History Reflected: about the exhibition
The new Museum of Sydney exhibition History Reflected takes audiences on a journey through the NSW State Archives Collection to see what these unique historical records reveal about the past and to reflect on what they might mean to us today. The exhibition has been developed by Sydney Living Museums and NSW State Archives to celebrate the coming together of two of the state’s signature cultural institutions.
History Reflected presents a curated selection of 25 items from the Collection spanning a period of 213 years, from 1787 to 2000. Each of the selected items represents or symbolises an event, social movement, issue, cultural phenomenon or moment of change that impacted on NSW people – individually and collectively – with a resonance that ranged from the local to the global.
Accompanying each of the items is an explanation of its historical significance as well as a reflection on its meaning today. These reflections give voice to a range of perspectives that explore questions about who we are; what we believe and understand about ourselves and others; our values, aspirations and hopes; how we express ourselves; the places we live, work or visit; our relationships with others; and our discoveries.
Opening up history and the archive
The idea of generating reflections in this way follows an approach that extends the research and interpretation of a subject or primary source record such as an archive across intuitive, creative and imagined perspectives, or through memories, public accounts or associated histories. It differs from the more conventional deep dive into official sources to substantiate the origins, provenance and documented trail of an item, and an interpretation that often takes a chronological or didactic form. It’s an approach that opens up history and historical research to a broader and more diverse range of perspectives and audiences, ensuring that the power of archives can be fully harnessed and enjoyed by everyone. After all, history isn’t a unilateral experience.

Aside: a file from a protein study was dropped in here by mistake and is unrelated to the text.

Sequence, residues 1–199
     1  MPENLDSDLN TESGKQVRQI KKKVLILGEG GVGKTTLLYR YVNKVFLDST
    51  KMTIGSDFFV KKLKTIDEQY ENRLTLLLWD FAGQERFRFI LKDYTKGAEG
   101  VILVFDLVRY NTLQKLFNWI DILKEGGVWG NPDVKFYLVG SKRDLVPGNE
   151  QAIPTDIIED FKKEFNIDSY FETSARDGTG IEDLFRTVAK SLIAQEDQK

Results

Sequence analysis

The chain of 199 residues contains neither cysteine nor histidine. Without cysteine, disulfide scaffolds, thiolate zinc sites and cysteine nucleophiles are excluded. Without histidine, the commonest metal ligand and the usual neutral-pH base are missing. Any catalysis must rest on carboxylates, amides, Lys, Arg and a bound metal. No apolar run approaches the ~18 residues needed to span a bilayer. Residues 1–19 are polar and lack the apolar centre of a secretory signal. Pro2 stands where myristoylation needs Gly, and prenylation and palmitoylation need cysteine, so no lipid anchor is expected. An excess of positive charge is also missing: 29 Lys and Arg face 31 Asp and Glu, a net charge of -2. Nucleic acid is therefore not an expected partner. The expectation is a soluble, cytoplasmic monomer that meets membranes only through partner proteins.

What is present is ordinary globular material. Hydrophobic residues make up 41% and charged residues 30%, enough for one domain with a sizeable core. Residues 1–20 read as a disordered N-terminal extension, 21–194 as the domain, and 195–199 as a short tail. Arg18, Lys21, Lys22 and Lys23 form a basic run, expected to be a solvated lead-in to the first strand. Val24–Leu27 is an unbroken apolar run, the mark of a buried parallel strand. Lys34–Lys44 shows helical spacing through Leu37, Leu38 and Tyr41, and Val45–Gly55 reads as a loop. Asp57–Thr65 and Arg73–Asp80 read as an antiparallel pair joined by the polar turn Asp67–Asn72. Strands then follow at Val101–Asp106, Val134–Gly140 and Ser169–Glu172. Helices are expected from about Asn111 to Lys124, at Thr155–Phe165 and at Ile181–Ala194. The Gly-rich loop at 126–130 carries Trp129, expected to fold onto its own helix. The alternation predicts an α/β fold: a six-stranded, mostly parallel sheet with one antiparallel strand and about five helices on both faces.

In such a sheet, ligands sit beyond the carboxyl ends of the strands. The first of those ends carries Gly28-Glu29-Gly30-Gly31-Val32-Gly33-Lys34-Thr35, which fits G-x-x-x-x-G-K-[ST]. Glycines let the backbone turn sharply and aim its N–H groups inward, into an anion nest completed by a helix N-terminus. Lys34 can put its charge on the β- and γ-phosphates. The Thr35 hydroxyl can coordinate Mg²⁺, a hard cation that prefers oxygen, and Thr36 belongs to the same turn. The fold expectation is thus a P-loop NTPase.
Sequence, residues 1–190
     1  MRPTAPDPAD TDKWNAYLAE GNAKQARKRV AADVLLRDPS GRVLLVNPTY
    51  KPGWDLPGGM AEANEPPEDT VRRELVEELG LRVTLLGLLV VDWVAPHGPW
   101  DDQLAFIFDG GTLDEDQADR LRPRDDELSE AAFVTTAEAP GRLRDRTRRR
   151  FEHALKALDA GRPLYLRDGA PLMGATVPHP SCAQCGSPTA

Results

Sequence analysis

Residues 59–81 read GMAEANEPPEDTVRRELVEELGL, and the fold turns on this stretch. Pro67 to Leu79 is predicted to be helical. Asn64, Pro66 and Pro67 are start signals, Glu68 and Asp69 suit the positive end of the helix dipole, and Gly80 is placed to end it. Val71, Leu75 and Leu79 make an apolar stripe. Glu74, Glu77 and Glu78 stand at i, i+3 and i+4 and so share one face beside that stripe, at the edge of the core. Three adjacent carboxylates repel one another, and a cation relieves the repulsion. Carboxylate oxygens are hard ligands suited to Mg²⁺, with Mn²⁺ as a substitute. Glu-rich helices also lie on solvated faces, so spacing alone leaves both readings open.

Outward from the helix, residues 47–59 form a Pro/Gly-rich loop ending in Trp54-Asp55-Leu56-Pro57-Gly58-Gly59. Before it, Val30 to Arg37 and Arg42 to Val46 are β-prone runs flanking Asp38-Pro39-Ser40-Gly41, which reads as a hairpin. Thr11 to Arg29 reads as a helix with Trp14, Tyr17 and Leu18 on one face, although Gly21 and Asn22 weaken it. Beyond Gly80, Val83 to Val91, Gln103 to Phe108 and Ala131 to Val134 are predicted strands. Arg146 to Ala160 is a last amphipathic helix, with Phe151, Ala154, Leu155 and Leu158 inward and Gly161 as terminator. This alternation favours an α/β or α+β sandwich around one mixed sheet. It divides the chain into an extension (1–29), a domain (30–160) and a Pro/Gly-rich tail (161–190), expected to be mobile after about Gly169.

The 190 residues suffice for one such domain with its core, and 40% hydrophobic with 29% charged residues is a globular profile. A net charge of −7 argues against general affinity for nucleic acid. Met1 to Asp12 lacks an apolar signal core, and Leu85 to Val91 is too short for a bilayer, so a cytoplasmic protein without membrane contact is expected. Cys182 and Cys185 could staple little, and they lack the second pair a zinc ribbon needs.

The NSW State Archives Collection is one of the most complete and important collections documenting colonisation in the world. With over 14 million items and valued at $1 billion, this vast cultural archive contains multiple items included on the UNESCO Memory of the World Register. It details the development of NSW from before European settlement in 1788 through the wielding of colonial power to responsible government and statehood.
Reflecting on the unusual
A number of commissioned writers, artists, commentators and creatives have contributed to creating reflections for the History Reflected exhibition, as has SLM’s entire curatorial team.
One of the State Archives Collection’s most unusual pieces, featured in the exhibition, is a sample of a cap worn by women working in the Leeton cannery in the interwar years. It was initially found by archivists among paperwork in a Murrumbidgee Irrigation Area (MIA) file that details the specifications and costs for cannery workers’ uniforms. The cannery was established as a government-run enterprise under the MIA nation-building scheme to irrigate the arid south-west region of NSW and create a food bowl that could nourish the population. It later became the Letona Co-operative Cannery, and operated in Leeton until the mid-1990s.